Rays 4, Orioles 1: In contrast to good streaks like Maholm’s and good streaks ending like Dickey’s, Jeremy Hellickson has had a bad streak: he had’t gotten a win in nine straight starts.  Well, that changed last night. He gave up one run and three hits in six and a third and didn’t walk anyone.

Mariners 4, Yankees 2: Bad night for A-Rod. His 2000th career strikeout followed by a broken hand. Oh, and since he was in Seattle, he was booed mercilessly. Splendid.

Giants 3, Padres 2: Angel Pagan may have made the play of the year to end the eighth and then Brandon Crawford delivered the game-winning hit in the ninth. Pablo Sandoval left the game after three innings with a left hamstring strain while stretching for a ball at first base.

Diamondbacks 6, Rockies 2: Five straight wins for Arizona. Joe Saunders allowed only three hits and a walk over seven innings while striking out nine.

Royals 4, Angels 1: Will Smith shut down the Angels. Later today several hack headline writers and highlight show anchors will be fined $100 each for saying he “got jiggy with it.”

MLB games were six minutes shorter this year

Pitch Clock
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According to STATS, INC., the average game in 2015 was 2 hours, 56 minutes. That’s six minutes faster than games in 2014.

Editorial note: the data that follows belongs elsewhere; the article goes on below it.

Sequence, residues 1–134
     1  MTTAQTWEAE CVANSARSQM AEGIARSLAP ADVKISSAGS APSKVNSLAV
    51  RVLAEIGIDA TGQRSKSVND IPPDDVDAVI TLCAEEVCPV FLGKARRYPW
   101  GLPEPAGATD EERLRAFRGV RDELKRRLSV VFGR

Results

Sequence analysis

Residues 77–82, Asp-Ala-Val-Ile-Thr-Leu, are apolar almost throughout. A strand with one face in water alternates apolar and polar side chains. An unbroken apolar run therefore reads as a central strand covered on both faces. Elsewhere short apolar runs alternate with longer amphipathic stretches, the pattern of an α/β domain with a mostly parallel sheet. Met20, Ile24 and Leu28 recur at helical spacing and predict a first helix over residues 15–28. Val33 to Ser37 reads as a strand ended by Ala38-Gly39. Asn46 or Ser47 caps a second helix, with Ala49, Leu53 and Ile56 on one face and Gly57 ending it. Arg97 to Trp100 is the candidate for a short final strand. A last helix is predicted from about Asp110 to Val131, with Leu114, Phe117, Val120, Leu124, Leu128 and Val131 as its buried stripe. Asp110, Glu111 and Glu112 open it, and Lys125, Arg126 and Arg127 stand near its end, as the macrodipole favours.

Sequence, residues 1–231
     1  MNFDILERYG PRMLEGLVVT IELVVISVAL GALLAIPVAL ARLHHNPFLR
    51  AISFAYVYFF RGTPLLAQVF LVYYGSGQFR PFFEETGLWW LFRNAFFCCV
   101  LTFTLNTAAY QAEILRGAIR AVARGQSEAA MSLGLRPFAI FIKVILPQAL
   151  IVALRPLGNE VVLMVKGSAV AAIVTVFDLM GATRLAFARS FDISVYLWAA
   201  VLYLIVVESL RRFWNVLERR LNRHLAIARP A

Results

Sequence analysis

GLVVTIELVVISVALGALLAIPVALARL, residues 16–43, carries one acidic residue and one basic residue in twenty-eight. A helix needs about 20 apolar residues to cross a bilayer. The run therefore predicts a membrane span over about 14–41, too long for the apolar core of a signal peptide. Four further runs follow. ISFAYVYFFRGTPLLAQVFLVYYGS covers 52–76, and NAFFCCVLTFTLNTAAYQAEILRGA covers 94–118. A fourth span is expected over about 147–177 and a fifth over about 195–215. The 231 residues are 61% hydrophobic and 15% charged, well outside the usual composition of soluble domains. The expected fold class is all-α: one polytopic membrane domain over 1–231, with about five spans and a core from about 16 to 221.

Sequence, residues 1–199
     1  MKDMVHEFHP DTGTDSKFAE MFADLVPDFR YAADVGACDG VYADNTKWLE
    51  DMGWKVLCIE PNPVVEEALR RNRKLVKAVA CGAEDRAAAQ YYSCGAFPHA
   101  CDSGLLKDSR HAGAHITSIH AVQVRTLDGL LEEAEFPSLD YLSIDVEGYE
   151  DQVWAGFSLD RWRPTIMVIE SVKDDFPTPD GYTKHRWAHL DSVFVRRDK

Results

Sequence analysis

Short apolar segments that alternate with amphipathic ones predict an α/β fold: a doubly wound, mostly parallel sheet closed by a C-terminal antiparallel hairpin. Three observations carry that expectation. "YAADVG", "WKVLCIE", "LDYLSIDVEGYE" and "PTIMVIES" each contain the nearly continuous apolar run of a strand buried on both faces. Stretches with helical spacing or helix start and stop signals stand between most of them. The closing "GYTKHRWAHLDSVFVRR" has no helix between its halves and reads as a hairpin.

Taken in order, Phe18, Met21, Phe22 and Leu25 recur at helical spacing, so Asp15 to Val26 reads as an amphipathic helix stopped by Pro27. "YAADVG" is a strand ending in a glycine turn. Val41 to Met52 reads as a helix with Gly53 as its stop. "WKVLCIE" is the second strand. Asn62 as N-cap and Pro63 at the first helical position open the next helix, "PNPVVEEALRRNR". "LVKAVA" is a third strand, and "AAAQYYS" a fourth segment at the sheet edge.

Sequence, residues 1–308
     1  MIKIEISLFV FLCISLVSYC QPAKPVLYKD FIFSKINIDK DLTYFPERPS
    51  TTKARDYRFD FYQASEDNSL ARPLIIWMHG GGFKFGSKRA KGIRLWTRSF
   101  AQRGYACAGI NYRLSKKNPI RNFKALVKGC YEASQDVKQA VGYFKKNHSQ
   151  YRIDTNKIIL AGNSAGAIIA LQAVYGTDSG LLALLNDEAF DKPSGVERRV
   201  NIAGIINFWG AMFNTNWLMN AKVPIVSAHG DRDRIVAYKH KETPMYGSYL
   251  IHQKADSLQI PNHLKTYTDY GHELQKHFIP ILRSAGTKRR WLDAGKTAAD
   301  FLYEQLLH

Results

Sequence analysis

The gains came in the first half, when games averaged 2:53. Second half games averaged three hours even. One can probably thank the expanded rosters in September for that, as games then see many more pitching changes. Of course, it’s likely that second half games were faster in 2015 than 2014 as well given the rules changes.

Those changes: agreement to enforce the rule requiring a hitter to keep at least one foot in the batter’s box and the installation of clocks timing pitching changes and between-inning breaks in ever ballpark.

It remains to be seen if MLB stays satisfied with that modest improvement or if chooses to go the way Triple-A and Double-A leagues did. They installed 20-second pitch clocks and started penalizing violators with balls and strikes. Triple-A’s two leagues, the International and Pacific Leagues, saw game-time decreases by 13 and 16 minutes, respectively.

Billy Beane promoted to VP, David Forst named A’s general manager

billy beane getty

I’m so old I remember when general managers used to run baseball operations departments. Now they’re basically assistants.

The latest example: the Oakland Athletics have promoted Billy Beane to vice president of baseball operations and have named David Forst general manager. Forst has been with the A’s for 16 years and has been Beane’s assistant for 12 years, so it’s not exactly a situation in which Forst will be making the final calls. The official move came today, though the move has been in the works for some time, it seems.

Someone with a lot of good front office access is going to write a good story this winter about the title inflation going on in Major League Baseball over the past year. And it’s gonna be great when one of his or her sources breaks the pattern of saying “well, baseball transactions are so much more complex these days . . . ” and admits “hey, if Theo gets a fancy title and La Russa gets a fancy title I WANT A FANCY TITLE TOO.”

Not that it’s much of a secret as it is.